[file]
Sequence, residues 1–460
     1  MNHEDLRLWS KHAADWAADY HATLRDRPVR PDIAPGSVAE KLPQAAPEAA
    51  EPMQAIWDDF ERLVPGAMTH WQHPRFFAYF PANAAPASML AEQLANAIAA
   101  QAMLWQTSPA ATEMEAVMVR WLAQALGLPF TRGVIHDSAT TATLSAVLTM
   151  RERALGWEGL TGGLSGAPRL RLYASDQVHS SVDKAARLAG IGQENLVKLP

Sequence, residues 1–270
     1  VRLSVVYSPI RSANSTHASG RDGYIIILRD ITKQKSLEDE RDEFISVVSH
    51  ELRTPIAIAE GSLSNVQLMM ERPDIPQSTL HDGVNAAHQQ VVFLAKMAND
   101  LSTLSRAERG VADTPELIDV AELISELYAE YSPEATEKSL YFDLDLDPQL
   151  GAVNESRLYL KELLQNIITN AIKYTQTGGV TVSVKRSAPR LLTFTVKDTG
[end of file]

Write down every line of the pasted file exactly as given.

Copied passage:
Sequence, residues 1–460
     1  MNHEDLRLWS KHAADWAADY HATLRDRPVR PDIAPGSVAE KLPQAAPEAA
    51  EPMQAIWDDF ERLVPGAMTH WQHPRFFAYF PANAAPASML AEQLANAIAA
   101  QAMLWQTSPA ATEMEAVMVR WLAQALGLPF TRGVIHDSAT TATLSAVLTM
   151  RERALGWEGL TGGLSGAPRL RLYASDQVHS SVDKAARLAG IGQENLVKLP

Sequence, residues 1–270
     1  VRLSVVYSPI RSANSTHASG RDGYIIILRD ITKQKSLEDE RDEFISVVSH
    51  ELRTPIAIAE GSLSNVQLMM ERPDIPQSTL HDGVNAAHQQ VVFLAKMAND
   101  LSTLSRAERG VADTPELIDV AELISELYAE YSPEATEKSL YFDLDLDPQL
   151  GAVNESRLYL KELLQNIITN AIKYTQTGGV TVSVKRSAPR LLTFTVKDTG